Dr. Al Mohler has written a helpful piece on theological triage. Briefly, theological triage is an attempt to "sort" the doctrines of Christianity according to their relative significance to the faith. First order doctrines are things that one must believe to be a Christian—things like the Triunity of God and the two natures of Christ. If you don’t believe Jesus died for your sins, you’re not a Christian, and this is the nature of a first order issue. First order issues divide Christians from non-Christians.
Second order doctrines are important, but believing Christians can and do disagree on them—things like who gets baptized and how we baptize them. Christians divide from each other over these issues.
Third order issues are, in Mohler’s words, "doctrines over which Christians may disagree and remain in close fellowship, even within local congregations." An example of a third order issue is the question of whether or not there will be a millenium. Disagreement over this doesn’t mandate that we not worship together in the same church (it doesn’t affect our view of baptism or the Lord’s supper).
So here’s the big question: Is the dispute between Calvinists and Arminians a first, second, or third order dispute? I would like to suggest that, depending upon one’s view of the relationship between Divine Sovereignty and Human Responsibility, it is either a first or third order issue. The fact that there have been both general (i.e., Arminian) and particular (i.e., Calvinistic) Baptists, along with the existence of Calvinistic Methodists, keeps this from being a second order issue.
So what determines whether this is an issue of the first or third order? This is probably an oversimplification, but because I think it is helpful I will suggest that if both Divine Sovereignty and Human Responsibility are affirmed, this is a third order dispute over whether the emphasis should lie more on God’s initiative or humanity’s freedom. But if one denies either Divine Sovereignty or Human Responsibility, this becomes a first order issue.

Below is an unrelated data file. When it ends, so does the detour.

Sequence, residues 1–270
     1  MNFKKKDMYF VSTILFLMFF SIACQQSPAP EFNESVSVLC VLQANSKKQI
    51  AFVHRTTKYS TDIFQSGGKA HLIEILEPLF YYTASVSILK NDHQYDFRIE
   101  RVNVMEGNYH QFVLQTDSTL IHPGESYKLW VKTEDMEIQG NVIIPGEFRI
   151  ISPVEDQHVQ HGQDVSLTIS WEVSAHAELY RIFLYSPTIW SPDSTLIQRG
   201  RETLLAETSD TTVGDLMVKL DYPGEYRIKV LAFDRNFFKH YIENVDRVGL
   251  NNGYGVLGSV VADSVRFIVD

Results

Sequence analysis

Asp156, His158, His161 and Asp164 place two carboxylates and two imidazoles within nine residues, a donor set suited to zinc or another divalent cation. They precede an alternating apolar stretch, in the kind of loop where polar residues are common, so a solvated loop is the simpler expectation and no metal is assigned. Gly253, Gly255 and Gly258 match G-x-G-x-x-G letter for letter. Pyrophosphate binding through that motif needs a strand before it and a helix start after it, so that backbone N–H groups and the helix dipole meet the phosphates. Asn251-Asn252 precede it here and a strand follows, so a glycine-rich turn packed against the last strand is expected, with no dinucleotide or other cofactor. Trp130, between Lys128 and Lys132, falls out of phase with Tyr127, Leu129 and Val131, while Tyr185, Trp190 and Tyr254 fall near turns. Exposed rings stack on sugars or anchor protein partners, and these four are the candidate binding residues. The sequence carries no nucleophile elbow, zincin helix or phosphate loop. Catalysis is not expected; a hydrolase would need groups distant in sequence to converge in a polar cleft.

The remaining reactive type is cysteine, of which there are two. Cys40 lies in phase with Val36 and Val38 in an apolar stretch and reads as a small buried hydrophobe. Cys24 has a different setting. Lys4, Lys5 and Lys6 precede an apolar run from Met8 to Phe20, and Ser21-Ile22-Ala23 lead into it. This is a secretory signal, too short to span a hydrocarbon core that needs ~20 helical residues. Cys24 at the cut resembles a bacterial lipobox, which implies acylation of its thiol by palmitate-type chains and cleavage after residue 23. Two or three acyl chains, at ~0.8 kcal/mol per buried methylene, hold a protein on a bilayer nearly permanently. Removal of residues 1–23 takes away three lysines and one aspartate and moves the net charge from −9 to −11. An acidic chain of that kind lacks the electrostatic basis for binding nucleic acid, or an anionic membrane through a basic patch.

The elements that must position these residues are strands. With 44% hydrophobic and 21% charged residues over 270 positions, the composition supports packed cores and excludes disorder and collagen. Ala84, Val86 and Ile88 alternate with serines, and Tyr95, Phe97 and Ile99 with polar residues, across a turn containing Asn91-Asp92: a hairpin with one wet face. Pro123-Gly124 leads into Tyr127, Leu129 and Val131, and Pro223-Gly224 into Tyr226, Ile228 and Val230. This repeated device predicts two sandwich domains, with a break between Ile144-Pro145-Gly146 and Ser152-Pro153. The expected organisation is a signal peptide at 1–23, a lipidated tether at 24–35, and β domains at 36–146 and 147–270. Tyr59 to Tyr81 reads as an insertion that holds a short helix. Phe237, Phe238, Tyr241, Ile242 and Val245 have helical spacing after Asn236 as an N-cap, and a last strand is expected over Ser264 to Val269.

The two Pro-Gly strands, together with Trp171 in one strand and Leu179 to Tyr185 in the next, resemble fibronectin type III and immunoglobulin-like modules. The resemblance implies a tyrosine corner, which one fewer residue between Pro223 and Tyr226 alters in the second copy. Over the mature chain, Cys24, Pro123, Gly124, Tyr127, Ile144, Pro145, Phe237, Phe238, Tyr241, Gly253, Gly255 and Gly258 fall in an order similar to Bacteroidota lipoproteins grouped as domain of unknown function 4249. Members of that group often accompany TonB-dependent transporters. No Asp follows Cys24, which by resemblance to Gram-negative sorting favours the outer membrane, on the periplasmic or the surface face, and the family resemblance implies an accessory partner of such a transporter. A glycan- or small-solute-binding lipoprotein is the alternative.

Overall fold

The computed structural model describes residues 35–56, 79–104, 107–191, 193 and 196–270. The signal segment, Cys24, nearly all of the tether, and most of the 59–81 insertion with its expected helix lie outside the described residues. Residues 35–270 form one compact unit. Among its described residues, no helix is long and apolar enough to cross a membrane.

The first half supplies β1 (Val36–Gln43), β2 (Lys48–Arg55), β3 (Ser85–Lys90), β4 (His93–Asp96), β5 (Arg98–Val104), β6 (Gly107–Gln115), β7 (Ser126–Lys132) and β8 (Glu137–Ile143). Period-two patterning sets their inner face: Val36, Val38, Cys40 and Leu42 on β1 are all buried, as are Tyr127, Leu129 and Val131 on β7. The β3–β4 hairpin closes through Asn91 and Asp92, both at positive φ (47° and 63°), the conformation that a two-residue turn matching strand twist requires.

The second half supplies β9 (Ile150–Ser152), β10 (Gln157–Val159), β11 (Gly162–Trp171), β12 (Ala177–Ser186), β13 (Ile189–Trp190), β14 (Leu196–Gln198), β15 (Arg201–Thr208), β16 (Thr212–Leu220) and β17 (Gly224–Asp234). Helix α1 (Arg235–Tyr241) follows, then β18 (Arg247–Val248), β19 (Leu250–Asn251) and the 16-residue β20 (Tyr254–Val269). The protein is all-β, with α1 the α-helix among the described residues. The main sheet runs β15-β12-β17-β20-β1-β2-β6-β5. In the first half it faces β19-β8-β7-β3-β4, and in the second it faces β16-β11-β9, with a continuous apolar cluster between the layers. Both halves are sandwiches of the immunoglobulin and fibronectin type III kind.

Some Calvinists assume that all Arminians deny Divine Sovereignty. But it is not fair to assess the strengths and weaknesses of a theological position by its worst representatives. The truth is that there are Arminians who have a high view of God’s sovereignty. After all, Charles Wesley wrote "And Can It Be," and a glance through Grant Osborne’s excellent commentary on Revelation will show that an avowed Arminian can affirm the absolute sovereignty of God (see for example Osborne’s comment on Revelation 17:17, Revelation, 627).
Some Arminians assume that all Calvinists deny human responsibility and as a result think that things like evangelism and prayer are unnecessary. I have often heard people talk about "hyper-calvinists"—people who deny human responsibility and say that evangelism is not necessary. But never in my life have I ever actually met a self-described hyper-calvinist, someone who would affirm this position. If someone denies the necessity of evangelism and prayer, the problem is not that some aspects of their thinking are Calvinistic, the problem is that they are ignoring the clear teaching of the Bible. Some Arminians seem to forget that William Carey, the father of modern missions, was a five point Calvinist, as was Charles Haddon Spurgeon, the "prince of preachers" (and many other evangelistic Calvinists could be cited). To assume that these evangelistic Calvinists are the exceptions that prove the rule is no more fair than the assumption that a biblical Arminian is an exception that proves the rule.
John Hannah often says we owe two things to everyone: (1) to understand their position as they would articulate it; and (2) to interact with that position fairly. Let us think charitably of one another as we contend for biblical and theological precision.
More could no doubt be said, but we must believe that God is sovereign and humans are responsible. If we sacrifice either of these truths we are unbiblical. Errors on both sides affect one’s view of God, and one’s view of God is determinative for one’s world-view. This is why many react to the dispute between Calvinists and Arminians as a first order issue—because one’s view of God determines everything (or should).
We must believe everything the Bible says about God. I maintain that as long as one can affirm that God is sovereign and humans are responsible, this is a third order debate. We should all be in the process of biblical and theological growth, and may the Lord give us grace to live up to the theology we have attained (Phil 3:16).